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Promoting Post-School Success for All: The Role of Collaboration in Person-Centered Transition Planning

Promoting Post-School Success for All: The Role of Collaboration in Person-Centered Transition... Successful collaboration and problem solving are the foundational processes on which meaningful transition plans are constructed. This article discusses the process of planning for the transition from school to adult life for students with disabilities and suggests that person-centered planning is an ideal vehicle for promoting collaboration and problem solving to ensure that transition plans are created that are meaningful and student centered. Parallels are drawn between person-centered planning and the transition process, highlighting the role of collaboration in promoting student and family involvement and self-determination. The article concludes with a call for empirical investigations of person-centered planning focusing on collaboration and the implementation process. A research agenda related to the process of implementing person-centered transition planning is offered that focuses on advancing our scientific understanding of both collaboration and person-centered planning while addressing some of the programmatic and ethical challenges to collaboration that may be encountered when implementing person-centered transition planning. The need for a paradigm shift to promote shared ownership and accountability in the research process is stressed so that researchers engage with students and families in telling new stories about people with disabilities. http://www.deepdyve.com/assets/images/DeepDyve-Logo-lg.png Journal of Educational and Psychological Consultation Taylor & Francis

Promoting Post-School Success for All: The Role of Collaboration in Person-Centered Transition Planning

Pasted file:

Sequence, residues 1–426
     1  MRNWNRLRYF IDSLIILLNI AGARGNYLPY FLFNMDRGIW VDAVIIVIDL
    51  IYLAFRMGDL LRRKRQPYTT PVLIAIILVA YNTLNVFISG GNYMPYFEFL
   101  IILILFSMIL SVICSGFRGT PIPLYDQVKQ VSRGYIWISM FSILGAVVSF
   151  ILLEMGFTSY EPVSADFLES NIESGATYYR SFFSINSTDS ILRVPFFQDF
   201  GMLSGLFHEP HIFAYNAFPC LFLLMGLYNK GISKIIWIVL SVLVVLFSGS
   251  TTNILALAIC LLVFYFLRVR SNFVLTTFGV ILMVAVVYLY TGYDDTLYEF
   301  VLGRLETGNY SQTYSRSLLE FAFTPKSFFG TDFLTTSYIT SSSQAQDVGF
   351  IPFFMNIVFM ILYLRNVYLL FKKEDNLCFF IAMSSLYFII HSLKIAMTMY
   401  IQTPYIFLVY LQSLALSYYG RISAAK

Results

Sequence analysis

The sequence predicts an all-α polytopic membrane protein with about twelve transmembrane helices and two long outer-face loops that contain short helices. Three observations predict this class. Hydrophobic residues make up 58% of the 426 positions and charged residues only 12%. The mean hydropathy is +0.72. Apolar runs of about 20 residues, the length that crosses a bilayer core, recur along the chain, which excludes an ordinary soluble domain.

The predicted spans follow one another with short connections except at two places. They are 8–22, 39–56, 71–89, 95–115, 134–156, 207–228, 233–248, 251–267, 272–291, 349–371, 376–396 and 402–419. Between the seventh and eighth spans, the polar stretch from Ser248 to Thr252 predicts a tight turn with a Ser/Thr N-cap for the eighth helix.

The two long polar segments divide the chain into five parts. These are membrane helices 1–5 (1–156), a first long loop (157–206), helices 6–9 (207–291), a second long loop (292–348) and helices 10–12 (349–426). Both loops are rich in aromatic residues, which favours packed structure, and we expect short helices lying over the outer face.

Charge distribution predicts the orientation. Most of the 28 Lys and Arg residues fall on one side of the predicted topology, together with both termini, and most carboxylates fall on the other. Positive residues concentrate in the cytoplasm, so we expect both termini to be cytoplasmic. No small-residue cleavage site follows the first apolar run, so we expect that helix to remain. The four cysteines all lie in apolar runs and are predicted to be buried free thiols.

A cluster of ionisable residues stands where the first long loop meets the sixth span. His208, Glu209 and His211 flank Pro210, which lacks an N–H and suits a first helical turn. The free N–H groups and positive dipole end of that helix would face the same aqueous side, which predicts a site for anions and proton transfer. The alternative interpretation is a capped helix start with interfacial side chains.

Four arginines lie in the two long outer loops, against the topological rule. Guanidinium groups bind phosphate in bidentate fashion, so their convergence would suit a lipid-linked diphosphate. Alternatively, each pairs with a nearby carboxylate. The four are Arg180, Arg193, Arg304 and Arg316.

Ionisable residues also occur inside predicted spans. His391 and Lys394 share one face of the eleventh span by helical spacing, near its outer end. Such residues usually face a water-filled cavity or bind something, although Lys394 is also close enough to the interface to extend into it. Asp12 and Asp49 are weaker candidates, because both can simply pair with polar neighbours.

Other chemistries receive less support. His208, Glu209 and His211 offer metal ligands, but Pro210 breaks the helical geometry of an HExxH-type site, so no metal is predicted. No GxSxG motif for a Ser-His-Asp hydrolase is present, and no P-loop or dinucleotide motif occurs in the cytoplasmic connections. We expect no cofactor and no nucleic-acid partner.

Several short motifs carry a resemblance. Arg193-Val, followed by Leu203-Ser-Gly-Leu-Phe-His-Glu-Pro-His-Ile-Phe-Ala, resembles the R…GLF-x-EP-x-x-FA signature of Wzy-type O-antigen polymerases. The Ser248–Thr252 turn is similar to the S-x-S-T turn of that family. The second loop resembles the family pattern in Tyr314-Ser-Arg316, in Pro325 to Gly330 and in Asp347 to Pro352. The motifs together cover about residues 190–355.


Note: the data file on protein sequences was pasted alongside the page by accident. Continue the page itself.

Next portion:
Promoting Post-School Success for All: The Role of Collaboration in Person-Centered Transition Planning

Journal of Educational and Psychological Consultation , Volume 16 (4): 27 – Dec 22, 2006

Abstract

Successful collaboration and problem solving are the foundational processes on which meaningful transition plans are constructed. This article discusses the process of planning for the transition from school to adult life for students with disabilities and suggests that person-centered planning is an ideal vehicle for promoting collaboration and problem solving to ensure that transition plans are created that are meaningful and student centered. Parallels are drawn between person-centered planning and the transition process, highlighting the role of collaboration in promoting student and family involvement and self-determination. The article concludes with a call for empirical investigations of person-centered planning focusing on collaboration and the implementation process. A research agenda related to the process of implementing person-centered transition planning is offered that focuses on advancing our scientific understanding of both collaboration and person-centered planning while addressing some of the programmatic and ethical challenges to collaboration that may be encountered when implementing person-centered transition planning. The need for a paradigm shift to promote shared ownership and accountability in the research process is stressed so that researchers engage with students and families in telling new stories about people with disabilities.

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References (66)

Publisher
Taylor & Francis
Copyright
Copyright Taylor & Francis Group, LLC
ISSN
1532-768X
eISSN
1047-4412
DOI
10.1207/s1532768Xjepc1604_4
Publisher site
See Article on Publisher Site

Abstract

Successful collaboration and problem solving are the foundational processes on which meaningful transition plans are constructed. This article discusses the process of planning for the transition from school to adult life for students with disabilities and suggests that person-centered planning is an ideal vehicle for promoting collaboration and problem solving to ensure that transition plans are created that are meaningful and student centered. Parallels are drawn between person-centered planning and the transition process, highlighting the role of collaboration in promoting student and family involvement and self-determination. The article concludes with a call for empirical investigations of person-centered planning focusing on collaboration and the implementation process. A research agenda related to the process of implementing person-centered transition planning is offered that focuses on advancing our scientific understanding of both collaboration and person-centered planning while addressing some of the programmatic and ethical challenges to collaboration that may be encountered when implementing person-centered transition planning. The need for a paradigm shift to promote shared ownership and accountability in the research process is stressed so that researchers engage with students and families in telling new stories about people with disabilities.

Journal

Journal of Educational and Psychological ConsultationTaylor & Francis

Published: Dec 22, 2006

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